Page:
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CHANNELSWIM.pngBy theguardian.com

At the top of a wind-scoured hill outside Edinburgh, Jasmin Paris’s dog, Moss, patiently waits for his owner. He is, I think, wondering what on earth is taking her so long. The answer, I’m afraid, is me....


We are in the Pentland Hills near her home – easy terrain for a skilled fell runner. For me, it’s a painful reminder that road marathons and track races do not help in the hills. I spend my clumsy descents looking at my feet, and each time I look up, Paris is defying gravity – not so much dropping as floating down.

In January, Paris, then 35, made headlines across the globe when she won the Spine Race, one of those almost comically difficult events that sounds less like a run and more like a sadistic punishment: 268 miles, nonstop, along the Pennine Way. Paris took a week off from her PhD in veterinary science to compete, and thrashed every man in the field in the process.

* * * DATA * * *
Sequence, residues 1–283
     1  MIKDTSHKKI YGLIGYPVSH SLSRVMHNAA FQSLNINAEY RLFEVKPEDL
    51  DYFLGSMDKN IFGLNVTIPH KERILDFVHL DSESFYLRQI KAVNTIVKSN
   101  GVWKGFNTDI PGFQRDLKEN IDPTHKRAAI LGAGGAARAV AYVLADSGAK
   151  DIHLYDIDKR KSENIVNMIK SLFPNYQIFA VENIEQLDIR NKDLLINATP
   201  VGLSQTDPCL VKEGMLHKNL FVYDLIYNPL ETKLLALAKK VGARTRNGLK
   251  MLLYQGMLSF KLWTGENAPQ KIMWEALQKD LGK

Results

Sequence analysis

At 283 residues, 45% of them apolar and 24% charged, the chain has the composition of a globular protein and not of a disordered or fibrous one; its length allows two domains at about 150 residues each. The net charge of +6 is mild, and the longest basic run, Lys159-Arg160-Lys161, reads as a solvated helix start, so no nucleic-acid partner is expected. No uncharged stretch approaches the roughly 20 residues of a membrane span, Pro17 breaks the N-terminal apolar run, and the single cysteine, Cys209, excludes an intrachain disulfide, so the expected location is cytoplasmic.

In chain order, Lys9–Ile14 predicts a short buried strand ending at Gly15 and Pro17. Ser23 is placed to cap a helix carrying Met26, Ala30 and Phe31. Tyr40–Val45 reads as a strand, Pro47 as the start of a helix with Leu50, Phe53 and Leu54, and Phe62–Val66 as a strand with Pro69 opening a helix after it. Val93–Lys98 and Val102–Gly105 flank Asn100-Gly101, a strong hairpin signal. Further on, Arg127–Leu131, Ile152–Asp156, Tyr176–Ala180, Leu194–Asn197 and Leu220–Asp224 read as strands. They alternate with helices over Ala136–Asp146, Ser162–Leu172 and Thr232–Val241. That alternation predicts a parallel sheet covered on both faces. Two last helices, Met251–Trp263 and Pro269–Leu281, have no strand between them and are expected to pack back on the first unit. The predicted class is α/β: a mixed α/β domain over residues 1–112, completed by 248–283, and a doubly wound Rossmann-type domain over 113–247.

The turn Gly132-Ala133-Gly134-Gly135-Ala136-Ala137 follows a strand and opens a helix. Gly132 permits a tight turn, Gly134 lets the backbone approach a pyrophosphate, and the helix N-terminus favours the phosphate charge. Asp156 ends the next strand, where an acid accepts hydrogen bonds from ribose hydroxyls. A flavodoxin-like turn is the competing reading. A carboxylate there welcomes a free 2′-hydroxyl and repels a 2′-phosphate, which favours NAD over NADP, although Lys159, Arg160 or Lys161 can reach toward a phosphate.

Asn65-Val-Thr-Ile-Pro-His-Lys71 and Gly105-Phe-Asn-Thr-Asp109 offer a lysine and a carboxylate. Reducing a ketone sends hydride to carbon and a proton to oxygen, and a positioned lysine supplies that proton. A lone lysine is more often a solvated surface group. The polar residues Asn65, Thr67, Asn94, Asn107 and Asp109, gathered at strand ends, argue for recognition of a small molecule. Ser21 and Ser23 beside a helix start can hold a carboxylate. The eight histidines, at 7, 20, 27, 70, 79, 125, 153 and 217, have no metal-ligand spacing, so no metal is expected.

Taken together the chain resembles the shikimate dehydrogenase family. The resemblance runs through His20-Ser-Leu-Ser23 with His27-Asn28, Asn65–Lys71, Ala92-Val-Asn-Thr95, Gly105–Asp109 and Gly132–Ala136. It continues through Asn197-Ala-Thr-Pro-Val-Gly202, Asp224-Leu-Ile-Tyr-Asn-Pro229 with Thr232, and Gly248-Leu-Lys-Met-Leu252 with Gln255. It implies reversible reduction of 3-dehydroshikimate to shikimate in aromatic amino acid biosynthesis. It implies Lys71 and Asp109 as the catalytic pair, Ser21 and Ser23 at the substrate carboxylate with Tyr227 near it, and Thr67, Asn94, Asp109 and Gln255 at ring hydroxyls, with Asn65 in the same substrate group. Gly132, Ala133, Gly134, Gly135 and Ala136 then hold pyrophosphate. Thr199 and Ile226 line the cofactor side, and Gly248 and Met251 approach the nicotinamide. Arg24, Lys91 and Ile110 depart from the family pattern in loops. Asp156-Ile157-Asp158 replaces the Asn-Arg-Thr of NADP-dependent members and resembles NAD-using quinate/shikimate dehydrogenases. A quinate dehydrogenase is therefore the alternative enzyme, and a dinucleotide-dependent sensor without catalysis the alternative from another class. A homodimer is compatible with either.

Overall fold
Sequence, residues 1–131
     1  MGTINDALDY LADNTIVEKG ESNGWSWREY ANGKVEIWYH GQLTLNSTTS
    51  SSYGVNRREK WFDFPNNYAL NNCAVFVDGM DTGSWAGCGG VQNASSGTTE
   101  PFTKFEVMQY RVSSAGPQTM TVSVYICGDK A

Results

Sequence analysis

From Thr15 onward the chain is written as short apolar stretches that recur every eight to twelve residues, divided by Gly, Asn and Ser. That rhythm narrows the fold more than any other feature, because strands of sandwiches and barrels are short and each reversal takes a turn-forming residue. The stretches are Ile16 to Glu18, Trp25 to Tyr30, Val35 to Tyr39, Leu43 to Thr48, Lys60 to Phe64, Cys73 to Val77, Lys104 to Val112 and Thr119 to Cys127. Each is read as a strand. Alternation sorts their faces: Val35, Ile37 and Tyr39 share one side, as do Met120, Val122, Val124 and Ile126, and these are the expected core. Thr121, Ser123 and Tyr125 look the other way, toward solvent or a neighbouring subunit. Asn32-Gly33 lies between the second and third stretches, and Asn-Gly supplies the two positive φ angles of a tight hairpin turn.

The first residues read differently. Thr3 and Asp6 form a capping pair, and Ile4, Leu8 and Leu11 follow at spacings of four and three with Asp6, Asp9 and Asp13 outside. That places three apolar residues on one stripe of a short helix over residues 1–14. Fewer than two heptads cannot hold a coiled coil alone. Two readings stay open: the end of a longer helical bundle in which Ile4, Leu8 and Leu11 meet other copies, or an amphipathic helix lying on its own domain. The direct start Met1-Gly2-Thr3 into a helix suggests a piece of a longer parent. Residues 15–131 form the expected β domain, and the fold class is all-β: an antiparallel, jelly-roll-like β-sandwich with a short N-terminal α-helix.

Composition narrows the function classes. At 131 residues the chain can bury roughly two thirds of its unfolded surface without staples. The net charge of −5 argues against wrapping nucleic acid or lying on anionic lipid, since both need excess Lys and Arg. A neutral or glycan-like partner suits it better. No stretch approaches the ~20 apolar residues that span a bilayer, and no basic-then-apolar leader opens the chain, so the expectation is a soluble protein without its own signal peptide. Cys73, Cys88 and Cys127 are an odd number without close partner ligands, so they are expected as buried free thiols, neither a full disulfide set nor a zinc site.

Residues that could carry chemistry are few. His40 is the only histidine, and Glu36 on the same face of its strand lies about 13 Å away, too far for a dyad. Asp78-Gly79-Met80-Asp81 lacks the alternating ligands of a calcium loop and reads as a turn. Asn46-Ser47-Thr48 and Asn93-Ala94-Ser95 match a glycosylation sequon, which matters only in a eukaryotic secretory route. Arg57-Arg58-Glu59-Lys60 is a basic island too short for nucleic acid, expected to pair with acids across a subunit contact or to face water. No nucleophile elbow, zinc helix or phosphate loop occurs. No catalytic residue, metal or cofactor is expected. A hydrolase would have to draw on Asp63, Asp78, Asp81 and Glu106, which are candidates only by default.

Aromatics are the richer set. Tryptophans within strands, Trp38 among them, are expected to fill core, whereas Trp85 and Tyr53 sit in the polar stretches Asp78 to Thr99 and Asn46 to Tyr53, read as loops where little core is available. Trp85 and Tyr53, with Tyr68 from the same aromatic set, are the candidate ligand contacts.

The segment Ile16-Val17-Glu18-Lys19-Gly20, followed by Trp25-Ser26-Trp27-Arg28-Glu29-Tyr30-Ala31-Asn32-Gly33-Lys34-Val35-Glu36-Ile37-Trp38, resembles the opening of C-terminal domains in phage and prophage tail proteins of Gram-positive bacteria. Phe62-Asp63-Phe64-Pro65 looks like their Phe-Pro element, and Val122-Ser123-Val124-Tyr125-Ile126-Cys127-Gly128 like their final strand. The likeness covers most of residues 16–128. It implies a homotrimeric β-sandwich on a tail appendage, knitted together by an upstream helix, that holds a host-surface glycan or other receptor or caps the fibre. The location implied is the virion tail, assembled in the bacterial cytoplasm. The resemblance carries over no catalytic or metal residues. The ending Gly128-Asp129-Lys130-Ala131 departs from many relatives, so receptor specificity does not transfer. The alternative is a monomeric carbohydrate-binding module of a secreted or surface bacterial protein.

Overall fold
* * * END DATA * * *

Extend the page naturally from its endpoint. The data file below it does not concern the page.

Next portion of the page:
The race is billed as the world’s toughest endurance contest, and with good reason. It’s dark two-thirds of the time. Racers traverse the Peak District, Yorkshire Dales, North Pennines and cross over Hadrian’s Wall to the Cheviots, sleeping only in snatches. Yet Paris’s time of 83 hours, 12 minutes and 23 seconds beat her nearest male rival by nearly 15 hours. And she did it while expressing milk for her baby daughter in aid stations en route – ensuring more than her allotted 15 minutes of fame when she crossed the line. But it’s a fame she clearly finds a little baffling: it’s a fair bet no one has taken up fell running in a bid to become rich or famous.  READ MORE

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